How to Manage Sickness when you're Diabetic
- 6 Months ago
When you are unwell, you need to take care, but when you are diabetic and unwell, you need to take extra care. As a diabetic person, when you fall sick, your body tries to fight the disease by releasing stress hormones. The downside of these hormones is that they make your blood sugar levels go up, and this may be a problem when you are diabetic.
Important guidelines to follow when you are sick:
• Check your blood sugar levels using blood glucose monitor every two to four hours.
• If your blood sugar levels have constantly been above 250 mg/dL, then check your urine ketone levels using a ketone test strip. Call your doctor immediately if the ketone test is positive.
• Check your temperature regularly.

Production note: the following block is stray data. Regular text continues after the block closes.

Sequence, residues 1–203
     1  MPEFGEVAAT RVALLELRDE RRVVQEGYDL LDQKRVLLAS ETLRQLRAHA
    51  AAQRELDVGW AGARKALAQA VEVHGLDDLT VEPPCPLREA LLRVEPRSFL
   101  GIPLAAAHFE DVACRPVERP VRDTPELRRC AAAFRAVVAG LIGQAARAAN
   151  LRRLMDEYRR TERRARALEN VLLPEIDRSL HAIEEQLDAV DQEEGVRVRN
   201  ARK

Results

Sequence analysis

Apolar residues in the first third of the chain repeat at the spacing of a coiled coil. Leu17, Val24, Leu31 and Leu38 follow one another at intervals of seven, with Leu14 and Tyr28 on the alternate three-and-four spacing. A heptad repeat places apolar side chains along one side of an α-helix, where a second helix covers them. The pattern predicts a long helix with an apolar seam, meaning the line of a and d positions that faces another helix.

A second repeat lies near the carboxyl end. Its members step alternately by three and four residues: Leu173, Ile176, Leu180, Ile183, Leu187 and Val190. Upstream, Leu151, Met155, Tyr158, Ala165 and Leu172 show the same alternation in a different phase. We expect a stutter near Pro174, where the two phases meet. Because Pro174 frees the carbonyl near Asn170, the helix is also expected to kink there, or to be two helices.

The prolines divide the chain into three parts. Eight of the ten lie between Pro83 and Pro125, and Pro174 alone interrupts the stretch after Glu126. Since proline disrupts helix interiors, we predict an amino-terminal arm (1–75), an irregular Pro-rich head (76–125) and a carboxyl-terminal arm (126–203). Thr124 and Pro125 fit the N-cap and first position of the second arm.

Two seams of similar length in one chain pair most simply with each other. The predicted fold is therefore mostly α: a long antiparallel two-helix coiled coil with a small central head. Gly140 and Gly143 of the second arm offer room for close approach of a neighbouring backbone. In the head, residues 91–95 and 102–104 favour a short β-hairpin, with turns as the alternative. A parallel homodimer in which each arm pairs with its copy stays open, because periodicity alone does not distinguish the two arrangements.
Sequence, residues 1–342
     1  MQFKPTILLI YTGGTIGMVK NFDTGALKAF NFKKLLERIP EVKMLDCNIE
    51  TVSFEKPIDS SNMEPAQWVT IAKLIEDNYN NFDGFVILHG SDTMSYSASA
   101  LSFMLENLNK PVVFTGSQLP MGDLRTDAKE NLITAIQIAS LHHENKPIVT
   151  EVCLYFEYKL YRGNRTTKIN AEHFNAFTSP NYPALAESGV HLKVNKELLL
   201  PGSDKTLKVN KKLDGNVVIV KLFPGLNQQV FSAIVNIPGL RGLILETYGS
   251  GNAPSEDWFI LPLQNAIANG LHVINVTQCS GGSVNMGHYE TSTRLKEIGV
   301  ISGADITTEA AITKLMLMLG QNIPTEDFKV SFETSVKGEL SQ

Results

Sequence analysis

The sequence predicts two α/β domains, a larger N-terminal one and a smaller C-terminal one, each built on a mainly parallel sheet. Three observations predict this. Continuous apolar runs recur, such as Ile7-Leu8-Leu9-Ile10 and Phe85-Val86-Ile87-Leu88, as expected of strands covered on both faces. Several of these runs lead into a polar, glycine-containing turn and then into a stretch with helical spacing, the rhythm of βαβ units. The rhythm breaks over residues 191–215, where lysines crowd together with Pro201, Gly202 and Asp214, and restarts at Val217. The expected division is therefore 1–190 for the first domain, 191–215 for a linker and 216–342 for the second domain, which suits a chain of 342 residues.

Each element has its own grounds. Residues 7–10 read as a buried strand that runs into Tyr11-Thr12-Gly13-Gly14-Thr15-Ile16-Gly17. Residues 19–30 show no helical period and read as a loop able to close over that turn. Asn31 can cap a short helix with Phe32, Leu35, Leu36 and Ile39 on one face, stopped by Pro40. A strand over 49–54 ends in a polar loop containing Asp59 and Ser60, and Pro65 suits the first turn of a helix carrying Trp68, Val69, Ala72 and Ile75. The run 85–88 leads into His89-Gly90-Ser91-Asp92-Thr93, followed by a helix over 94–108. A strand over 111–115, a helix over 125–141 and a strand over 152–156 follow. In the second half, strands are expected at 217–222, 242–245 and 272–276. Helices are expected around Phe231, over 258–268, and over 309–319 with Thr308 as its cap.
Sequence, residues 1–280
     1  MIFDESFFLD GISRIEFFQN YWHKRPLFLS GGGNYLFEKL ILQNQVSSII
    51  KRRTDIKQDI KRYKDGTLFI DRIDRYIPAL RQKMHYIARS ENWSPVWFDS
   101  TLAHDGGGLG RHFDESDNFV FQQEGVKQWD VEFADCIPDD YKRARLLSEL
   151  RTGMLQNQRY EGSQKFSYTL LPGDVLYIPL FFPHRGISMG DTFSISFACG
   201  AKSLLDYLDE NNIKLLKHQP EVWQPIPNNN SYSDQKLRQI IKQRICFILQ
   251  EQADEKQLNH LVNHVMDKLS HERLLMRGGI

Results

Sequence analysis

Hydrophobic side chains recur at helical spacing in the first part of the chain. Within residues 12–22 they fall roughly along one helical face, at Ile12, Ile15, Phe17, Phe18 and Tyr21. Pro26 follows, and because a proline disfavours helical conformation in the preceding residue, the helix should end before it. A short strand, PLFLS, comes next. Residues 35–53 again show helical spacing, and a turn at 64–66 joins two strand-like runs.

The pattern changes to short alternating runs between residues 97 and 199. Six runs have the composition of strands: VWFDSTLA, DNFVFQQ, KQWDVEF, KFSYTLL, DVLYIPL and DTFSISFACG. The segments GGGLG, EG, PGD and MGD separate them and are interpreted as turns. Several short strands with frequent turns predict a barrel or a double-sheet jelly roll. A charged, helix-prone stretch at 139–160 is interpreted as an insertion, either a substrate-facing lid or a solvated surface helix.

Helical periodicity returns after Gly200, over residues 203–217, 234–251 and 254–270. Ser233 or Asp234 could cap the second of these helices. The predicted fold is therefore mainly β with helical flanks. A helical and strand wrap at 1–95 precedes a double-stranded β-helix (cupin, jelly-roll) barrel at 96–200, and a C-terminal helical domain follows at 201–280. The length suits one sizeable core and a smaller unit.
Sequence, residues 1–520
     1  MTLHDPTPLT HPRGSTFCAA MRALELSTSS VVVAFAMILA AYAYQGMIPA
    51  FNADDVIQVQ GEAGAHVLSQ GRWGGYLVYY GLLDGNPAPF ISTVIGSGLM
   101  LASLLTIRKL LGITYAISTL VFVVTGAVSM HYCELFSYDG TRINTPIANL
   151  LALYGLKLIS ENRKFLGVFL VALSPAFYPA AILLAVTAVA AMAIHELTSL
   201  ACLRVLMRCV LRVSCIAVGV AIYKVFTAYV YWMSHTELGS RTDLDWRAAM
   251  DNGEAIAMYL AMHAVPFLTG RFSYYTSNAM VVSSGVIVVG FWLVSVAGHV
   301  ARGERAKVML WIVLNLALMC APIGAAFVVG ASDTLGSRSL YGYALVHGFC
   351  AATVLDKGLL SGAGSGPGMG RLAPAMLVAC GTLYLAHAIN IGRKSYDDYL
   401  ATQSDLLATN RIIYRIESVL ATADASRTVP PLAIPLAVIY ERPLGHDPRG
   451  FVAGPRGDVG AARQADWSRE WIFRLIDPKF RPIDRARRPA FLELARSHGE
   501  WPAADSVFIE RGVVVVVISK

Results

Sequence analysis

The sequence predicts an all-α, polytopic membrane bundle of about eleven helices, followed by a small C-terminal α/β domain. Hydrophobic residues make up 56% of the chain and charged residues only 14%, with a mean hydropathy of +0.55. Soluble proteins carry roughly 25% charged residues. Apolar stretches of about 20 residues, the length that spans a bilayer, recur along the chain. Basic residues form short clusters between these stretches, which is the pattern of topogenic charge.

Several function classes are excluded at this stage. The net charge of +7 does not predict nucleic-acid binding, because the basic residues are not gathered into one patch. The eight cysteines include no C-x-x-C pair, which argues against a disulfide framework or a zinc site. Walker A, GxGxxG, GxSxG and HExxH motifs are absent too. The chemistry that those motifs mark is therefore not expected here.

• Make sure you're having plenty of sugar free fluids to avoid dehydration.
• Do not stop taking your diabetes pills or insulin, even if you are not able to eat. Talk to your doctor about your dosage if necessary.
What do you eat when you're sick?
Eat your usual meals or snacks, but in case your sugars are fluctuating and you cannot stick to your usual diet, follow these guidelines:
If your blood glucose level is over 250mg/dL while you're sick:
- Tea without sugar
- Clear soups or broths
- Caffeine free diet drinks
If your blood glucose level is less than 70mg/dL while you're sick:
- 1/2 cup regular soft drink
- 1 Tablespoon honey
- 1/3 cup fruit juice
- 1 Tablespoon of Glucon D
Can you exercise when you're sick?
People with diabetes are generally not advised to do strenuous exercise if they are sick or have ketones present in their urine.
When do you call the doctor?
Call your doctor if:
• Your blood sugar levels stay higher than 250mg/dL or lower than 70mg/dL, two times in a row
• Your urine ketone test is positive
• You have fever above 100.3 degrees
• You have diarrhea and vomiting
• You have other signs like-
-You feel sleepier than normal
-You have infections
Always keep a list of contact numbers of your doctor, certified diabetes educator, ambulance, friend or relative in case of an emergency. It's better to be prepared than worry about it when the time comes.